International Journal of Academic Research in Business and Social SciencesVol. 1 0 , No. 6, June, 2020, E-ISSN: 22 2 2 -6990 2020 HRMARSsynthesize the existing literature in (1) investigating the types of stressors across occupations;and (2) examining the pattern of coping strategies practiced among employees.MethodsDesignThis study conducted a systematic literature review by relevant criteria from the PreferredReporting Items for Systematic Reviews and Meta-Analyses (PRISMA). It consists of five subsections including search strategy, inclusion and exclusion criteria, eligibility, data abstractionand analysis.Search StrategyA systematic search strategy was implemented through three electronic databases, namely Webof Science, Scopus and Medline. The keywords in the titles and abstracts were used in the searchprocess including “stress”, “work-related stress”, “work stress”, “occupational stress”, “copingstrategies”, coping skills”, “coping”, “cope” and “coping mechanisms”. This process yielded aresult of 1113 documents from Web of Science (WOS), 2304 documents from Scopus and 2341documents from Medline databases were retrieved.Inclusion and Exclusion CriteriaThe first criterion for inclusion concerned a timeline, and a period of ten years, between the yearof 2010 to 2020 was selected. The second inclusion criterion was document types, journal(research articles) with empirical data as primary sources were selected. The third inclusion wasarticles published in the field of social science, organizational psychology, as well as business andmanagement, were selected to increase the possibility of retrieving related articles. The fourthinclusion was regarding on region, where only the Asian region was selected in this review. Thefifth was focusing on articles published in English language. The final inclusion was including theselection of samples involving employees across occupations. Meanwhile, the exclusion criteriawere systematic review, meta-analysis, chapter in book, review papers, non-research papers,non-English papers and samples other than employees as stated in Table 1. Overall, a total of5495 articles were excluded based on these criteria, as stated in Figure 1. After the identificationprocess, out of 263 documents to be screened 155 documents were retained for the next stage.EligibilityA total of 57 articles were prepared for the third stage known as the eligibility. Eligibility is aprocess that includes or excludes articles manually according to the authors’ specific criteria. Atthis stage, the titles, abstracts and the main contents of all the articles were examined thoroughlyto ensure that they fulfilled the inclusion criteria and fit to be employed in the present study toachieve the objective of the current research. Before the eligibility process was carried out, theduplicated documents were removed first. A total of 18 articles were traced as similar articleswere excluded in both databases for the next phase. Finally, a total of 57 remaining articles areready to be analyzed.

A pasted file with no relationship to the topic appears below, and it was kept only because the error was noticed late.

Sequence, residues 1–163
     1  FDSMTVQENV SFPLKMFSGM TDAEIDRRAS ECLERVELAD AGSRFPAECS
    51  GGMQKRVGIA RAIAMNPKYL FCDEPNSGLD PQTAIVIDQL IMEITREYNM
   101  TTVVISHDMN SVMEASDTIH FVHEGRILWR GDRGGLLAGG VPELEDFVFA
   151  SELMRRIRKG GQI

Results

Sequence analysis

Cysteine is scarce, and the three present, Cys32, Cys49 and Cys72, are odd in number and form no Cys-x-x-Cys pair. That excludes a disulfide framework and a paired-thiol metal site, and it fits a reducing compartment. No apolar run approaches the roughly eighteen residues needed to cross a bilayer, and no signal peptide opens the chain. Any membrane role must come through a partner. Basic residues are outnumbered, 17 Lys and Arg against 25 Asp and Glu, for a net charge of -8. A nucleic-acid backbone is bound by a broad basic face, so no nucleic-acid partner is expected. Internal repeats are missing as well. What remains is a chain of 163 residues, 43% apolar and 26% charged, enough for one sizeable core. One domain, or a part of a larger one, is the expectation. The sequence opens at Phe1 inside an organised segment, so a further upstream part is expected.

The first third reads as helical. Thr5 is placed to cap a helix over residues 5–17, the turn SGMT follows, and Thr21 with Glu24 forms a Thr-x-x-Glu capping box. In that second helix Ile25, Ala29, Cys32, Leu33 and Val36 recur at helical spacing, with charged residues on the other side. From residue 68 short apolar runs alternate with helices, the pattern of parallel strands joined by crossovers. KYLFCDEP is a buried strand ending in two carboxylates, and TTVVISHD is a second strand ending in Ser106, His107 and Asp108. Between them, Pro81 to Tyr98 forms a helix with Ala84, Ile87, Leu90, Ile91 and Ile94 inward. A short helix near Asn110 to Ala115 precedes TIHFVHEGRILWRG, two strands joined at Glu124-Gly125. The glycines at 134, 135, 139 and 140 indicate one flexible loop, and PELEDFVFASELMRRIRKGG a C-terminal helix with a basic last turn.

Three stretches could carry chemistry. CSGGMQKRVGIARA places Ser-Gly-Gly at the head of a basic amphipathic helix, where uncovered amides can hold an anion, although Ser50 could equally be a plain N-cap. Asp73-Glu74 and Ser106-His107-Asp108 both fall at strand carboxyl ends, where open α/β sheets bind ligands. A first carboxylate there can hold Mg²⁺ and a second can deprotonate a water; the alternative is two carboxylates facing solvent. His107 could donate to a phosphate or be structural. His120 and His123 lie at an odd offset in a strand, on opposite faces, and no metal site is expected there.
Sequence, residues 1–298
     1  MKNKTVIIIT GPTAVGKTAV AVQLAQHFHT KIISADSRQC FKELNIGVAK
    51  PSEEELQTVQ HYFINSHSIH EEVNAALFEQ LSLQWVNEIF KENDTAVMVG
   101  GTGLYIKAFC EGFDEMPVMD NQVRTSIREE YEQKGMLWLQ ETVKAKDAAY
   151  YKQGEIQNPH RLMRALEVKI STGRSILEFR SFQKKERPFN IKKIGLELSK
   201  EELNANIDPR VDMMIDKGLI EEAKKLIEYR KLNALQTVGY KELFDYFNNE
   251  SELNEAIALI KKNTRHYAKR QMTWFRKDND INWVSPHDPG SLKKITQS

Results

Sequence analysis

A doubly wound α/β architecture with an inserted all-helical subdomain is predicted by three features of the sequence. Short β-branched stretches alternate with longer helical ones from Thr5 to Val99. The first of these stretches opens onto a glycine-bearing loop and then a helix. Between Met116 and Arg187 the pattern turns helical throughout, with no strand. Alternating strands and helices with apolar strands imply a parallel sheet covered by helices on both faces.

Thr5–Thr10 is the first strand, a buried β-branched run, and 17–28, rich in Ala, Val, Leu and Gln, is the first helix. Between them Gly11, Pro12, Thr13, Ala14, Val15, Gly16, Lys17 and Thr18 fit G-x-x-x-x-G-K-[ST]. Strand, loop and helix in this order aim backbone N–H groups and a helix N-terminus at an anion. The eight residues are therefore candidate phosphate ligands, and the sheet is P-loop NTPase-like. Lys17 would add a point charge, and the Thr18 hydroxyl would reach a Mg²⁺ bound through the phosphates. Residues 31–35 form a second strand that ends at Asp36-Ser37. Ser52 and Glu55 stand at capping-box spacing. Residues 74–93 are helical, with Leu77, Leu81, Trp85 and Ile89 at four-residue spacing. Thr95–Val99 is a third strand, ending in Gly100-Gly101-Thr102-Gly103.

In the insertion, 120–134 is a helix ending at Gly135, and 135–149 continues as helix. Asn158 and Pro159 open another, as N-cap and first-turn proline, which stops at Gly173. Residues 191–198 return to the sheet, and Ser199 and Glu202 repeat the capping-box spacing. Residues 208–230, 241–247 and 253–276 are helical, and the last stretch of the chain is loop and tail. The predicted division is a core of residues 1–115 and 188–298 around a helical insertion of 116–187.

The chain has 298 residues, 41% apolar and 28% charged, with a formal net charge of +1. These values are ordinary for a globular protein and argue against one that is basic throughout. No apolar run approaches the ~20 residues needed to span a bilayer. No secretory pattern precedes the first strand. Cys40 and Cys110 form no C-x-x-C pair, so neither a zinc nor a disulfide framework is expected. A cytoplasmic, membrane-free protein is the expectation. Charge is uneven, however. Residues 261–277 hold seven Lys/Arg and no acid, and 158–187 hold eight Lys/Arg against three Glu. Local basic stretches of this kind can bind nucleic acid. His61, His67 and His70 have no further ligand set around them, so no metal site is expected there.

International Journal of Academic Research in Business and Social SciencesVol. 1 0 , No. 6, June, 2020, E-ISSN: 22 2 2 -6990 2020 HRMARSCriteriaTimelineDocument typesSubject areaRegionLanguageSampleTable 1. Inclusion and Exclusion CriteriaInclusionExclusionBetween 2010 to 2020 2010Journal (research articles)Systematic review, metaanalysis, chapter in book, reviewpapers, non-research papersSocial Science, OrganizationalOther than Social Science,Psychology, Business andOrganizational Psychology,ManagementBusiness and ManagementAsianOther than AsianEnglishNon-EnglishWorker, employeesStudents, patients, elderly,child, parentData Abstraction and AnalysisThe remaining articles were evaluated, reviewed and analyzed after the eligibility process. Thedata were extracted to identify relevant themes and sub-themes for the present study by readingtitles, abstracts and then throughout the full text of articles (in-depth). During the review process,answers were sought by the following: (a) the research design; (b) the type of stress; (c) the typeof coping strategies; (d) the sample selection and (e) study region. From the search describedabove, 57 articles were identified. After reading the abstracts, 20 articles were omitted becausethey were irrelevant to the research questions. These omitted articles either did not test therelationship between stress and coping strategies or examined stress and coping strategiesamong students, elderly and patients. After a detailed reading of the full texts, 14 articlesremained. The summaries of each articles included in this review were presented in Table 2 – 7.

International Journal of Academic Research in Business and Social SciencesVol. 1 0 , No. 6, June, 2020, E-ISSN: 22 2 2 -6990 2020 HRMARSRecords identifiedthrough databasesearchingWeb of Science(n 1113 )Records identifiedthrough databasesearchingScopus(n 2304 )Records identifiedthrough databasesearchingMEDLINE(n 2341 )Records excluded due to review article,books, chapter in books, non-Englishlanguage, published 2010(n 263 )Total recordsafter screened(n 155 )Duplicate recordwere removed(n 18 )Full-text articlesassessed foreligibility(n 57 )Full text articleexcluded due toirrelevant area ofinterest(n 43 )Studies includedin qualitativesynthesis(n 14 )Figure 1: Flow Diagram for the systematic literature review process

International Journal of Academic Research in Business and Social SciencesVol. 1 0 , No. 6, June, 2020, E-ISSN: 22 2 2 -6990 2020 HRMARSResultsThe results provided a comprehensive analysis of the present stress, coping strategies and majorfindings of those studies.Country Setting and Sample SelectionFourteen studies were included in the review. As shown in Table 2, most of the studies reviewedwere conducted in China (4), followed by two studies from South Korea, Malaysia and Indiarespectively. Finally, each study from Saudi Arabia, the Philippines, Pakistan and Bangladesh wereextracted.Table 2: CountryCountryChinaSouth KoreaMalaysiaIndiaSaudi eanwhile, studies on stress and coping strategies have recruited samples selection acrossvarious sectors such as nurses, teachers, police officers, bank employees, construction workersand others as stated in details in Table 3.Table 3: SampleSampleNursesTeachersPolice OfficersPetroleum Industry WorkersHotel EmployeesIT EmployeesSteel Construction WorkersCable Manufacturing WorkersRescue WorkersBank EmployeesAcademic and Non-Academic StaffTotal2112211111114Research DesignIn relations to the research design in table 4, most of the studies used a cross-sectional design(12 articles), while only two studies were used longitudinal research design.